5 Ways Analytics Can Help You Understand Your Customers (Even If You Aren’t Tech-Savvy)

| November 11, 2016 | Business Operations & Strategy

As a small business owner, you’ve probably heard about analytics’ potential. Maybe you’ve even installed an analytics tool, like Google Analytics, onto your website.

But when you log in that first time, the experience can be a bit daunting. Customer data that used to be so hard to come by is available in spades. Now, there’s so much available the challenge is focusing on the key metrics that will help reach your business goals. You don’t have time to put your business on pause or start a statistics degree. You simply need practical solutions to tap into analytics’ potential without getting overwhelmed.

Key Analytics Metrics

Here’s how to start honing in on the meaningful numbers and understanding them. Focus on these five key metrics for actionable insights to improve your business:

1. Page Views

Almost every single business owner cares about page views. This metric tracks the total web pages viewed over a certain time period. Analytics software allows you to review this data by day, week, month, or other custom time frames.

It’s important to note that page views reflect total views, not the number of visitors. So, if I visit your website ten times today and Aunt Erma only visits once, your total page views for the day would be 11.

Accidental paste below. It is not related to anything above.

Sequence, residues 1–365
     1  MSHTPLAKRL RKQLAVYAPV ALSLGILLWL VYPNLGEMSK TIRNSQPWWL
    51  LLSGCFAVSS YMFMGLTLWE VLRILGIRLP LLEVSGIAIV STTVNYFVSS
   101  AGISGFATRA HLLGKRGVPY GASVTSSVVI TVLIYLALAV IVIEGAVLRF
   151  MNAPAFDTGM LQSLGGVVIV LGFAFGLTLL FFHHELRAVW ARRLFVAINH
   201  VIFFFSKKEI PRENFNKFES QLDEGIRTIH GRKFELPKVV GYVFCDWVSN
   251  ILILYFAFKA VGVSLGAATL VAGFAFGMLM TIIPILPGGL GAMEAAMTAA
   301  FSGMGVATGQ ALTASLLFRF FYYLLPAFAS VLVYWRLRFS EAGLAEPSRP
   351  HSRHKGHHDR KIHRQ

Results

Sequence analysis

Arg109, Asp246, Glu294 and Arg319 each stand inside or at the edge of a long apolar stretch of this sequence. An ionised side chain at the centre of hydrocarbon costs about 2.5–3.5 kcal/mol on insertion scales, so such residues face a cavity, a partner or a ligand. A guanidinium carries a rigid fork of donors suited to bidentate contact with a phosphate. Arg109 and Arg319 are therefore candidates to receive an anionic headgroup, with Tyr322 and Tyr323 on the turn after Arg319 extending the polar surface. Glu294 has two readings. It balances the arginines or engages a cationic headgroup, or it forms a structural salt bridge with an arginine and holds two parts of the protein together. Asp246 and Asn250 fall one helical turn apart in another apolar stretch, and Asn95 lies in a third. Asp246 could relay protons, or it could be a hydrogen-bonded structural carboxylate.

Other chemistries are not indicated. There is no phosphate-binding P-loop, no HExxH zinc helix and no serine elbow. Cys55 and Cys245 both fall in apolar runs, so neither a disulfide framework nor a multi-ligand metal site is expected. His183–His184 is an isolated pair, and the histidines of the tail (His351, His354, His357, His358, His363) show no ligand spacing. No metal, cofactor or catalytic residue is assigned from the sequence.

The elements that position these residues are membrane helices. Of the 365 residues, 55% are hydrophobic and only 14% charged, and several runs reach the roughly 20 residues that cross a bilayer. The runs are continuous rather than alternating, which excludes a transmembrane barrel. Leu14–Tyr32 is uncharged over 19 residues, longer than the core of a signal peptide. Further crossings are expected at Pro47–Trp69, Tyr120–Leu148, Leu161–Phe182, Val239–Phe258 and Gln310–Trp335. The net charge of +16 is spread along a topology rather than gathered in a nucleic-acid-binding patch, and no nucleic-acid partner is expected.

Ideally, you want to see page views increase over time. But a lot depends on your specific business. If you sell expensive consulting packages, you need a lot fewer customers (and therefore fewer page views) than a company selling cheap t-shirts. The same goes for businesses that rely heavily on repeat business or foot traffic; those don’t need as many new visitors to sustain themselves.

If you’re unhappy with your page views, it’s time to consider different ways to get the word out. Are you doing something consistently to market your business online? Many small business owners dabble with blogging, social media, and dozens of other things. But because their time is so limited, they spread themselves too thin and never reach critical mass with any marketing effort.

Try picking just one or two marketing strategies – things you do well – and developing a consistent system to raise awareness. Understanding your current traffic sources (more on those in just a second) will help you decide.

2. Unique Visitors

Unique visitors (also called “users”) gives more context to evaluate and better understand your page views. The metric is simple: the total number of people who visit your website during a given time period. To continue with my earlier example, I would only count once even though I visited ten times this month – the same as Aunt Erma’s single visit.

Page views will be at least as high as the unique visitors. While most businesses will want unique visitors to increase over time, again you must consider what you sell and what your overall business goals are. Do you want to sell high-ticket items to an exclusive group? If so, our priority on unique visitors will be much lower than an e-commerce store selling inexpensive jewelry.